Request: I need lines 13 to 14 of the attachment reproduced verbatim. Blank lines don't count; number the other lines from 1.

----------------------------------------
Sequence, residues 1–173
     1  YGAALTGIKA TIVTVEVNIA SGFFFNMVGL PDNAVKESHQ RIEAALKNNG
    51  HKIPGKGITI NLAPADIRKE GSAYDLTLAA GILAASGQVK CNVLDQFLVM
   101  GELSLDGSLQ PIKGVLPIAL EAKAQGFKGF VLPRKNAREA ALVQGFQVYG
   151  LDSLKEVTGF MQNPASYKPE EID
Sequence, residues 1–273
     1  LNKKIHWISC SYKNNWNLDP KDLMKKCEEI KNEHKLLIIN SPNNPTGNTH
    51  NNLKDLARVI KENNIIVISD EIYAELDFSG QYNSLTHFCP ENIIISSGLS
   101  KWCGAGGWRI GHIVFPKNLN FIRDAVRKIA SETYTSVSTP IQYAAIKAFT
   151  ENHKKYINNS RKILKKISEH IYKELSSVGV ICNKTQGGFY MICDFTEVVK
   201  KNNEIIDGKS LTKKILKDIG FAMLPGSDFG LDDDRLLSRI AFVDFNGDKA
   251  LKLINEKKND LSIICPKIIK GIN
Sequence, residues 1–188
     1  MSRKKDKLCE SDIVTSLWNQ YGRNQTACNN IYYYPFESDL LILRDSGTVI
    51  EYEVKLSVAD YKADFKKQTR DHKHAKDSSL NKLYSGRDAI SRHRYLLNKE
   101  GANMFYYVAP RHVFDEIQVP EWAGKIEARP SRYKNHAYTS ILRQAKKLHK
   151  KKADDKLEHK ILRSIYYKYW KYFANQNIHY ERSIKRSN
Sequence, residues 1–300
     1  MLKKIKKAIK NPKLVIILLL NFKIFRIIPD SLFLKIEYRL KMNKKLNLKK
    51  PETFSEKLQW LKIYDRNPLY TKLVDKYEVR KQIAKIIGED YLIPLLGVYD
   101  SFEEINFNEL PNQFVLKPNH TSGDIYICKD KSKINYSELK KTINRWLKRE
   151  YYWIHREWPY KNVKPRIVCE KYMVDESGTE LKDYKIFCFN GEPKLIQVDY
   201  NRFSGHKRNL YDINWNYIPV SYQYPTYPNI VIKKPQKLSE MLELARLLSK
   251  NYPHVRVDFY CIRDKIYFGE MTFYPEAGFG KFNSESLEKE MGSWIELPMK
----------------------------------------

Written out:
Sequence, residues 1–188
     1  MSRKKDKLCE SDIVTSLWNQ YGRNQTACNN IYYYPFESDL LILRDSGTVI